Veiga's account seems to have been received by Samuel Purchas, who has a close paraphrase in his Purchas His Pilgrims (1613/1626), "that the Earth had nine corners, whereby it was borne up by the Heaven. Others dissented, and said, that the Earth was borne up by seven Elephants; the Elephants' feet stood on Tortoises, and they were borne by they know not what." Purchas' account is again reflected by John Locke in his 1689 tract An Essay Concerning Human Understanding, where Locke introduces the story as a trope referring to the problem of induction in philosophical debate. Locke compares one who would say that properties inhere in "Substance" to the Indian who said the world was on an elephant which was on a tortoise, "But being again pressed to know what gave support to the broad-back'd Tortoise, replied, something, he knew not what". The story is also referenced by Henry David Thoreau, who writes in his journal entry of 4 May 1852: "Men are making speeches ... all over the country, but each expresses only the thought, or the want of thought, of the multitude. No man stands on truth. They are merely banded together as usual, one leaning on another and all together on nothing; as the Hindoos made the world rest on an elephant, and the elephant on a tortoise, and had nothing to put under the tortoise."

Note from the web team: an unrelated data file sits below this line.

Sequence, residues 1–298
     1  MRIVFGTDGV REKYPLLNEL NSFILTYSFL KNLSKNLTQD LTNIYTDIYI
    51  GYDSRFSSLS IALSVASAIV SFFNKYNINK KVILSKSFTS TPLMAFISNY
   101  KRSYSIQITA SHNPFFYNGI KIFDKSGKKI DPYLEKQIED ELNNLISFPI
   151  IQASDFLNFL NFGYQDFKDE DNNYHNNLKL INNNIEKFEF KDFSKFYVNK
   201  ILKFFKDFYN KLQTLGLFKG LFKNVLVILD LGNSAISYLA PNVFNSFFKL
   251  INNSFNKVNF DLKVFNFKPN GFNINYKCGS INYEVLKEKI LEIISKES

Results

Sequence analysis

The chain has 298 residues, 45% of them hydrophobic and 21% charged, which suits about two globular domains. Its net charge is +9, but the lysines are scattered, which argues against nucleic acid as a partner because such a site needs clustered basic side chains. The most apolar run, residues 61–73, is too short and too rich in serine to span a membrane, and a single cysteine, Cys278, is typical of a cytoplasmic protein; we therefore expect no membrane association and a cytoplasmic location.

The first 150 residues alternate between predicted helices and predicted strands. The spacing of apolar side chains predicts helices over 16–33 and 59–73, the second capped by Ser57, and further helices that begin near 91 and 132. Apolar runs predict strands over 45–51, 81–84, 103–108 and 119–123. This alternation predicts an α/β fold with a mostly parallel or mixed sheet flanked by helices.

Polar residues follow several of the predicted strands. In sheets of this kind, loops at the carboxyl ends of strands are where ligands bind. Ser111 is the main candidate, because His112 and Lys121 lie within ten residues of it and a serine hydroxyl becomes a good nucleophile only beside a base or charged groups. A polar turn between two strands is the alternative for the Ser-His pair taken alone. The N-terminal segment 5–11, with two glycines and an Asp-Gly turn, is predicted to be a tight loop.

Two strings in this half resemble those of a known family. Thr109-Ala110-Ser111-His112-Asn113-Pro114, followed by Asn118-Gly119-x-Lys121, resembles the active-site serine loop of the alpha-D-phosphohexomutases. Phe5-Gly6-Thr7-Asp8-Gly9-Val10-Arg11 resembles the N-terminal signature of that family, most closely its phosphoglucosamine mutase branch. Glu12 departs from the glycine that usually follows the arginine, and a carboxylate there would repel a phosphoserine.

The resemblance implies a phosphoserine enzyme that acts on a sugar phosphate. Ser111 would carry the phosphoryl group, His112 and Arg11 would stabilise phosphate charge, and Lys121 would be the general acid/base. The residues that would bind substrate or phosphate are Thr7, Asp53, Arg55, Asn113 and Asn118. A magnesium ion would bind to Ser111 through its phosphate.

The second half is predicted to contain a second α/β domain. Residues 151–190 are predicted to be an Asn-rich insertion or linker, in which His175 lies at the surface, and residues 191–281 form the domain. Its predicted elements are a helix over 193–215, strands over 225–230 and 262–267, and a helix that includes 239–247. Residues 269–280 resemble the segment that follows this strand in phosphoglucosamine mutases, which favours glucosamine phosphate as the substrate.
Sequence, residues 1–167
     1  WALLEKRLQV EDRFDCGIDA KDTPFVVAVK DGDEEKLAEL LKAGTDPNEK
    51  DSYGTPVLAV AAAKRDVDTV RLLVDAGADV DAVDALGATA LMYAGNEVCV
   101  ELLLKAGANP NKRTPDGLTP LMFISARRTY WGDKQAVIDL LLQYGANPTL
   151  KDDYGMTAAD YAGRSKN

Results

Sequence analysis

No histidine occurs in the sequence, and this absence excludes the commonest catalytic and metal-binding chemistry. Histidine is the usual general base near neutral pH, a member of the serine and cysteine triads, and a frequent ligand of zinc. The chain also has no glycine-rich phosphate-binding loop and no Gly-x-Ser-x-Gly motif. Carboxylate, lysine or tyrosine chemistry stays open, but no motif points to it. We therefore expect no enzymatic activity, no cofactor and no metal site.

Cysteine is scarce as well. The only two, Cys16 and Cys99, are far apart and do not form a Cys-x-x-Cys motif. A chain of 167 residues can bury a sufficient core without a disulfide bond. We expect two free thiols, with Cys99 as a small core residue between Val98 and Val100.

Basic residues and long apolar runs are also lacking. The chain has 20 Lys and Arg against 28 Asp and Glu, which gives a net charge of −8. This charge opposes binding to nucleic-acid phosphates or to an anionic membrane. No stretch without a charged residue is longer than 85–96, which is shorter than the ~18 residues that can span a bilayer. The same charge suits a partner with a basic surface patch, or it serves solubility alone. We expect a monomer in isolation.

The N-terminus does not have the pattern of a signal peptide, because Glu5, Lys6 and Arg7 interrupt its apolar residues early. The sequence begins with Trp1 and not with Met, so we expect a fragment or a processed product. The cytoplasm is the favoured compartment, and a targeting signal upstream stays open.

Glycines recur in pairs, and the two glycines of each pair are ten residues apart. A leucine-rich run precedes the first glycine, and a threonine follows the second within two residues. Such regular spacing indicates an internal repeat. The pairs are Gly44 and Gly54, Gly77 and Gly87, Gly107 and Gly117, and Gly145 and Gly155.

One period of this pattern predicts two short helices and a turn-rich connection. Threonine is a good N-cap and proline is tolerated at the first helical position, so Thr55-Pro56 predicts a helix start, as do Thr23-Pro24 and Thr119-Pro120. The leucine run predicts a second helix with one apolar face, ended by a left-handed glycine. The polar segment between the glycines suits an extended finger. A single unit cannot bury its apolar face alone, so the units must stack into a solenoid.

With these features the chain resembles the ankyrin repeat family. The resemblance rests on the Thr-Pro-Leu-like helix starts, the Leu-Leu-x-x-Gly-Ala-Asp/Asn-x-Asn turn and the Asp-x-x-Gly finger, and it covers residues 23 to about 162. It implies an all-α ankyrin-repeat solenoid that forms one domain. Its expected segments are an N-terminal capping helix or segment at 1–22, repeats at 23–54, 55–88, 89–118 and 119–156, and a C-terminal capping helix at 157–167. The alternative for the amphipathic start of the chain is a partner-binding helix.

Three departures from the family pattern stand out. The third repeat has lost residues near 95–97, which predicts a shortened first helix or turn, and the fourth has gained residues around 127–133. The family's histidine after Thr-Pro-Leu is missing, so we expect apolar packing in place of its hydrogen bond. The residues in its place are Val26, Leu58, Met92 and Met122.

Modern form edit
In the form of "rocks all the way down", the saying dates to at least 1838, when it was printed in an unsigned anecdote in the New-York Mirror about a schoolboy and an old woman living in the woods:
"The world, marm," said I, anxious to display my acquired knowledge, "is not exactly round, but resembles in shape a flattened orange; and it turns on its axis once in twenty-four hours."
"Well, I don't know anything about its axes," replied she, "but I know it don't turn round, for if it did we'd be all tumbled off; and as to its being round, any one can see it's a square piece of ground, standing on a rock!"
"Standing on a rock! but upon what does that stand?"
"Why, on another, to be sure!"
"But what supports the last?"
"Lud! child, how stupid you are! There's rocks all the way down!"
A version of the saying in its "turtle" form appeared in an 1854 transcript of remarks by preacher Joseph Frederick Berg addressed to Joseph Barker: